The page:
example of a decision log
Here's an example of what your decision log might look like (source).

Having templates on hand for meeting agendas also makes it much easier and faster to create a paper trail that documents every stage of your project, especially decisions around resource utilization.

These documents can also help when preparing reports, tracking metrics, analyzing profitability, and gaining a high-level view of workflow performance.     

8. Create A Communication Plan 

When projects fail, poor communication is responsible in 30% of cases. As a project manager, it’s your responsibility to keep project stakeholders and team members apprised of project progress but also offer a forum for discussion of project risks.

Create a communication plan early in the project life cycle to ensure everyone is clear about how to send updates, ask questions, or share ideas. 

For example, you might be happy for team members to message you on Slack but prefer to keep external stakeholder communications within your project management software platform. Stating these expectations clearly means everyone knows where and how to reach you. 

Also, place a high priority on two-way communication. Find out how your team prefers to receive feedback, as this can help maintain open lines of communication.

Communications Plan Sample
Here's what your communication plan might look like. This template is available through DPM membership here.

Evaluating Your Resource Management Processes

Effective resource management can sometimes feel like juggling balls and spinning plates—at the same time.

The good news is that even though your project deliverables may change from project to project and the specific resources you need to complete each project will vary, the resource management best practices, strategies, and techniques you need to successfully deliver them often look pretty similar.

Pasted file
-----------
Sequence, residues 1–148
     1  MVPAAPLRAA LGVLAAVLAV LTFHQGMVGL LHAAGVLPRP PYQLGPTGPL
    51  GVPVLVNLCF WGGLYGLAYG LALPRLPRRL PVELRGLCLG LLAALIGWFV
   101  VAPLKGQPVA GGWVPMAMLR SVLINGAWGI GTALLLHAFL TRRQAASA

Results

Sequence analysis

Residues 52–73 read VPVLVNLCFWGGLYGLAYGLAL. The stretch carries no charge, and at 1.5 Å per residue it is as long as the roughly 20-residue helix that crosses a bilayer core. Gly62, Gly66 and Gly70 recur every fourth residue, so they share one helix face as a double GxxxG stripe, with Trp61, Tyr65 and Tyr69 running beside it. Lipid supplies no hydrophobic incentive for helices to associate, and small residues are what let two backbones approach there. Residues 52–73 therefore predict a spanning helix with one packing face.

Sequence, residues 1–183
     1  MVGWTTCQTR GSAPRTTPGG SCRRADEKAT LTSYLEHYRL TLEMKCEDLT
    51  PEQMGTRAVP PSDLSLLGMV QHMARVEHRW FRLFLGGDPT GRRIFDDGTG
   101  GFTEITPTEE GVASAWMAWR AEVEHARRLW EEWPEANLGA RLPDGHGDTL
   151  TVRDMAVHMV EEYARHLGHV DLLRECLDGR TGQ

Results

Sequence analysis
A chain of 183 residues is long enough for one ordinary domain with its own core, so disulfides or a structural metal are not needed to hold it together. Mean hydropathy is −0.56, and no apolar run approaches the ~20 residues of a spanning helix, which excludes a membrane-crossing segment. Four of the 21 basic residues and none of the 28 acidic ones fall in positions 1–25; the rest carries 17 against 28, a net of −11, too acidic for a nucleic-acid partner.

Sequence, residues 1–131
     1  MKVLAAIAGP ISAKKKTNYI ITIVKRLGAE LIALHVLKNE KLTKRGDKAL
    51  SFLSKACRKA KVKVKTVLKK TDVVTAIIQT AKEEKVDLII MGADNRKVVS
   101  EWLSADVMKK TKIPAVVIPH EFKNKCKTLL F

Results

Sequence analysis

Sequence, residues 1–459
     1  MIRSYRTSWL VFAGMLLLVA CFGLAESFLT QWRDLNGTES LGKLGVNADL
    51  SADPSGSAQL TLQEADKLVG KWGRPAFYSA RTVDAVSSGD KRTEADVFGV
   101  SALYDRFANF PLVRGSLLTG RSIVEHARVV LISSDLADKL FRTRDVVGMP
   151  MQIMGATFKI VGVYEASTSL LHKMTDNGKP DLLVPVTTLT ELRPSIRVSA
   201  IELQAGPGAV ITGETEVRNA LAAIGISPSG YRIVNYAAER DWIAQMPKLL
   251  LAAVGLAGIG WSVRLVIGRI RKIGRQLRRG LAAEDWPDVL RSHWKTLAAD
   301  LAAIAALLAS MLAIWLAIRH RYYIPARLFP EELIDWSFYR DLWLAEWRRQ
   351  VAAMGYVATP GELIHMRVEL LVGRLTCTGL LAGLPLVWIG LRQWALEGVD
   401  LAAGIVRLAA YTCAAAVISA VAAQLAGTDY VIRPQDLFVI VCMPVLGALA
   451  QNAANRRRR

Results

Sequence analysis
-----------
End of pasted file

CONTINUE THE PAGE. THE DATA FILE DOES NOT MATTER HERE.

It's important to continually evaluate and refine your processes so you can improve them over time. There's not just one way to do things, so remain flexible and adaptable when your project throws you a curveball.

Good resource management best practices and processes are always changing, so keep adapting to find out what works best for your team and the project.

Need expert help selecting resource management software?

The right software is a critical part of managing your project team effectively. Not sure where to start? Share your needs in the form below and get free access to dedicated software advisors who match and connect you with the best vendors for your needs.

Sarah M. Hoban
By Sarah M. Hoban

Sarah is a project manager and strategy consultant with 15 years of experience leading cross-functional teams to execute complex multi-million dollar projects. She excels at diagnosing, prioritizing, and solving organizational challenges and cultivating strong relationships to improve how teams do business. Sarah is passionate about productivity, leadership, building community, and her home state of New Jersey.